Irish third level chief blows €100,000 on taxis while students drop out of college
By: Daniel O'Carroll | Published Monday, June 20, 2011, 2:45 AM | Updated Friday, September 9, 2011, 10:16 PM
(Note: 'Danny Boy' hasn't been updated a while as I'm currently finishing my final university exams in UCC, but I intend to get back to updating it regularly from now on.)
An interesting fracas going on in Irish academia at the moment involves the embattled president of Waterford Institute of Technology (WIT), a small Irish higher education provider, and a bunch of incredibly ridiculous expenses which he has incurred while furnishing his presidential office, and hosting guests.
The spectacular expenses - which include a massive €100,000 spend on taxis between Waterford and Dublin alone - have shocked a country used to politicians, bankers, and other members of the elite wasting taxpayers' money in the most imaginative and lavish ways, with the Irish Minister for Education, Ruairi Quinn TD, forcing the Higher Education Authority, the body that administers Irish third levels, to mount an immediate investigation into the overheads.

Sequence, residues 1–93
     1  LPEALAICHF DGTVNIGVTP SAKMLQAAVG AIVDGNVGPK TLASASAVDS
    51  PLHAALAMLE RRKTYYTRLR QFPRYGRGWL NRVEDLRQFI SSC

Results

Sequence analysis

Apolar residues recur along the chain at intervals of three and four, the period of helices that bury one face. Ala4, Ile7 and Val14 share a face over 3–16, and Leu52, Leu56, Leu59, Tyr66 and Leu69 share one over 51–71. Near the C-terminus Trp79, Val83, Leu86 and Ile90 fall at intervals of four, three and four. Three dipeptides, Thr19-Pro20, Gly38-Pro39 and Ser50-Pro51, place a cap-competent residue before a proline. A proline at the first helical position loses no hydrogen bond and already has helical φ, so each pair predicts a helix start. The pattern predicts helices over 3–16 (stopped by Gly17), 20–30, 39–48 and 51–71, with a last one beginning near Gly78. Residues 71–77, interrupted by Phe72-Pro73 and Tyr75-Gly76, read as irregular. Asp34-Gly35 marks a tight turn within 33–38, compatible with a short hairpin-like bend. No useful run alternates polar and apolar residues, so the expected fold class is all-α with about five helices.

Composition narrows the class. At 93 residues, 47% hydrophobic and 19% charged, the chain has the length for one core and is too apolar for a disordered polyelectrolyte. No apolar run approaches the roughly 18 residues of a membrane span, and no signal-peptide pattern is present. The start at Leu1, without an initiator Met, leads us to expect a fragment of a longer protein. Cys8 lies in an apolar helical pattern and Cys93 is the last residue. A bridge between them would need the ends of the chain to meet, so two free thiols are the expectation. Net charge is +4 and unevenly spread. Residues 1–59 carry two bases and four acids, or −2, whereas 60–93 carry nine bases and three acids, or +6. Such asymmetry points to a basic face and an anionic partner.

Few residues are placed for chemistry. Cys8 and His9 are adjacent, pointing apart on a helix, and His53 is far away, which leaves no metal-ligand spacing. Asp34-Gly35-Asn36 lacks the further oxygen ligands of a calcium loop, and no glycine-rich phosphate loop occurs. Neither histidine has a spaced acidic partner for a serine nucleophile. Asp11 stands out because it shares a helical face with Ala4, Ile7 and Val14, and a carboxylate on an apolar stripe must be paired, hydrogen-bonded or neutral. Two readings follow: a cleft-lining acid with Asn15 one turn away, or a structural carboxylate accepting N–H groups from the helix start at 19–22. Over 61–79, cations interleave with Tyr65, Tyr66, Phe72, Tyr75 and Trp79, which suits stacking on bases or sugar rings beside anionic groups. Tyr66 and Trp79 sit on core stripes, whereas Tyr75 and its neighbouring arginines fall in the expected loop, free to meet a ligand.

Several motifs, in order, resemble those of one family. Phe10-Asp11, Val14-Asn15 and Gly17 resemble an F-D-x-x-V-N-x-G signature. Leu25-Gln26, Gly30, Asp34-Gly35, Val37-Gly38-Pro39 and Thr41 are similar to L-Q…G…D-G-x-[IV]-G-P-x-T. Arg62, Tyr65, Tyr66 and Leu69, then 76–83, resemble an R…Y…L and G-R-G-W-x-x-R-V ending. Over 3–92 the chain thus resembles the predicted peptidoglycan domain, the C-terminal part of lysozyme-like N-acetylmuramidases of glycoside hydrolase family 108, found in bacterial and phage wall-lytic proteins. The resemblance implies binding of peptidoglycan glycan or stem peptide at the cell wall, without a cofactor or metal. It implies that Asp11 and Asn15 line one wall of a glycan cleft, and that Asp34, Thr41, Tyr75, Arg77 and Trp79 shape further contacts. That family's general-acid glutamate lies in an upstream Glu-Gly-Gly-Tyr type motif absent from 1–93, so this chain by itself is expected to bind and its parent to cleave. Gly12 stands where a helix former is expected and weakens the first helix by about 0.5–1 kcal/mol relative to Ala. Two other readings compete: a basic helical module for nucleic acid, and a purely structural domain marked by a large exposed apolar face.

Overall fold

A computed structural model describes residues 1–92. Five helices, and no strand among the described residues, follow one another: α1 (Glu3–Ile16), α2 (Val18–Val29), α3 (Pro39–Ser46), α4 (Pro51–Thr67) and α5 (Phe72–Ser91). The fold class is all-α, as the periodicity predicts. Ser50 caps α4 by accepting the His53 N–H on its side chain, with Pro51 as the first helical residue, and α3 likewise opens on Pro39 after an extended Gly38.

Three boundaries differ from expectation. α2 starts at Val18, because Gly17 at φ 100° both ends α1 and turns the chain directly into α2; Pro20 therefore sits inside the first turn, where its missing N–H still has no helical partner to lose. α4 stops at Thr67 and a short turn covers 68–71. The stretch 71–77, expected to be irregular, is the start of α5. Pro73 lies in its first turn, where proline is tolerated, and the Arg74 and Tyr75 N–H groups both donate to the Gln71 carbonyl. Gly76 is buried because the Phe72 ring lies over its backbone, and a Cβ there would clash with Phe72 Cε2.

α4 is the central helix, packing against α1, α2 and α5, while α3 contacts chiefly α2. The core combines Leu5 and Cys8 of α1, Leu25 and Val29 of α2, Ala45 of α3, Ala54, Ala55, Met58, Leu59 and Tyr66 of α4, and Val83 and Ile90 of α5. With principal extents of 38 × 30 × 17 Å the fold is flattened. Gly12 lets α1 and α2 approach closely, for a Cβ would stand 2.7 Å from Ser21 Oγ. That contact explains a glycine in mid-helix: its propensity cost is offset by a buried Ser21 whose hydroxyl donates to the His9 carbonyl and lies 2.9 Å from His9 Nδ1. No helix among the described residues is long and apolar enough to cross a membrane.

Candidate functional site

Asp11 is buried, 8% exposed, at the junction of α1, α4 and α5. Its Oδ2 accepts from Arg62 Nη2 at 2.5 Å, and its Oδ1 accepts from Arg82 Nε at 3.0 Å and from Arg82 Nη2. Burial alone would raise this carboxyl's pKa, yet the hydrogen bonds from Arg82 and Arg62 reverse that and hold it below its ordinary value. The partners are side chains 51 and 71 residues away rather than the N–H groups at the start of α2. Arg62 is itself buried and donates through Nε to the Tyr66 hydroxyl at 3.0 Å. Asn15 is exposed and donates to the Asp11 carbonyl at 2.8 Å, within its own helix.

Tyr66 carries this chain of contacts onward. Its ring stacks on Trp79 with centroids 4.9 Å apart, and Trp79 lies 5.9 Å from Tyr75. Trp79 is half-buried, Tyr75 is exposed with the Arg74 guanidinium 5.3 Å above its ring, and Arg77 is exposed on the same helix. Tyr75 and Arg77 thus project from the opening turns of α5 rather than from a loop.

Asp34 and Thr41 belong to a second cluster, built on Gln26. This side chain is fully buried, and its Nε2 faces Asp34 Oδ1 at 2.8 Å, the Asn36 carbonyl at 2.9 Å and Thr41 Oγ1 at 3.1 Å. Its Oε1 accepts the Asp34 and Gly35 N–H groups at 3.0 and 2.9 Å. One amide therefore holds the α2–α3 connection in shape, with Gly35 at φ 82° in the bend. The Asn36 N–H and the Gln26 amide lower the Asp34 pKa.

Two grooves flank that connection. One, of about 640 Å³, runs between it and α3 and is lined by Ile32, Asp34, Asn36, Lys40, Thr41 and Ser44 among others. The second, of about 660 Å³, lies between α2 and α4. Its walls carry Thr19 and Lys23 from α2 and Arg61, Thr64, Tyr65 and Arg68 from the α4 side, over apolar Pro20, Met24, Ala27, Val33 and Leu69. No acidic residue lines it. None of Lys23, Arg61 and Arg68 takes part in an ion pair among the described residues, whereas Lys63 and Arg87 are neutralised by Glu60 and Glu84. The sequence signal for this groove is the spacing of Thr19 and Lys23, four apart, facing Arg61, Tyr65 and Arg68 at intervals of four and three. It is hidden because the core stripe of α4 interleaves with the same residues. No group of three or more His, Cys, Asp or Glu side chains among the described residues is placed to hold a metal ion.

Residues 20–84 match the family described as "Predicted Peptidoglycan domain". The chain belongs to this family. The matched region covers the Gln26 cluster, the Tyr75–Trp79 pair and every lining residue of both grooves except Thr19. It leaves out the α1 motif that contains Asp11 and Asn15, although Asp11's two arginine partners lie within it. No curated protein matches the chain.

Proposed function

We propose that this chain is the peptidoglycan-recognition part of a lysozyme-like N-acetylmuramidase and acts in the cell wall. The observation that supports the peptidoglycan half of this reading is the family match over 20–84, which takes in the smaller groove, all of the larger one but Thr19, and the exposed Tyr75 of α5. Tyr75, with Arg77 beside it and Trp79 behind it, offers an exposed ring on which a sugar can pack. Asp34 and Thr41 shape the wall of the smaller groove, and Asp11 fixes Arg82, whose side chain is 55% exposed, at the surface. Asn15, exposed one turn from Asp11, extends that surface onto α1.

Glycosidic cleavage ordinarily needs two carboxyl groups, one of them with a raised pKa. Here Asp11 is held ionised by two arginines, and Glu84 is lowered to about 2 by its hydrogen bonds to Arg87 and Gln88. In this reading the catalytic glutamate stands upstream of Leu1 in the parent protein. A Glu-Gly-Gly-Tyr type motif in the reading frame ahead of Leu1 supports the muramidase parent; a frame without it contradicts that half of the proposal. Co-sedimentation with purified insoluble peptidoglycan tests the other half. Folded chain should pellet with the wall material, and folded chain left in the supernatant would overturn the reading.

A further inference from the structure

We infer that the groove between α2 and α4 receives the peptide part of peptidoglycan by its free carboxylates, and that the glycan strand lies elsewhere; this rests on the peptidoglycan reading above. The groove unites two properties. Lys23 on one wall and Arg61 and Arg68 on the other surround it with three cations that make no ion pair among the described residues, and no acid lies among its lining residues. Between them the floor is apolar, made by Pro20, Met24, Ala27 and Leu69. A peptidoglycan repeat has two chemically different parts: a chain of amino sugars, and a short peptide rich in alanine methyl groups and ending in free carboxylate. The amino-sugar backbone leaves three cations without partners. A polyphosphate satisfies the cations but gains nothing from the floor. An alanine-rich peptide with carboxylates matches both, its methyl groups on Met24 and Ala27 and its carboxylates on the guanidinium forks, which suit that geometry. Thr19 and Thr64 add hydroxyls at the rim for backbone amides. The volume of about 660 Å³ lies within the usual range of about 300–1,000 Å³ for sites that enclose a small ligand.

The reason for the uproar, besides the sheer size and ridiculousness of the expenses Professor Byrne is claiming, is that Irish third level is currently facing into its darkest hour yet: student numbers are up, staff numbers are down, and third levels are fighting for their very financial survival. Grant cuts are being forced across the system, and it's a challenge for many students to afford to stay in college long enough to finish out their degrees. Amidst all this financial mayhem, where cutbacks and pay cuts are the order of the day, Byrne's expenses stick out like a sore and ugly thumb.
Perhaps more incredible than the expenses themselves, though, has been Professor Byrne's reaction to the widespread public uproar caused by them (today, the day of his possible re-election to the position, four newspapers have run with the story). Byrne has claimed that the expenses represented 'good value', saying that the taxi costs worked out less expense than had he billed the IT for a private driver. Yet that doesn't really excuse the other massive blow-outs the Freedom of Information requests uncovered: €300,000 worth of hospitality expenses, a €150,000 renovation of the office, and a further €100,000 on fine art.
The reason I'm repeating this little vignette from Irish public life on Irish Central, is to point out that despite all the belt-tightening and cutbacks that have been the hallmarks of Irish society in the not-so-rosey post-Celtic Tiger era, there are still staggering examples of public wastefulness out there; people who genuinely think that billing a tiny learning institute €100,000 for taxi fares is 'value for money'.
The Celtic Tiger may be dead and buried, but little echoes of its roar still live on.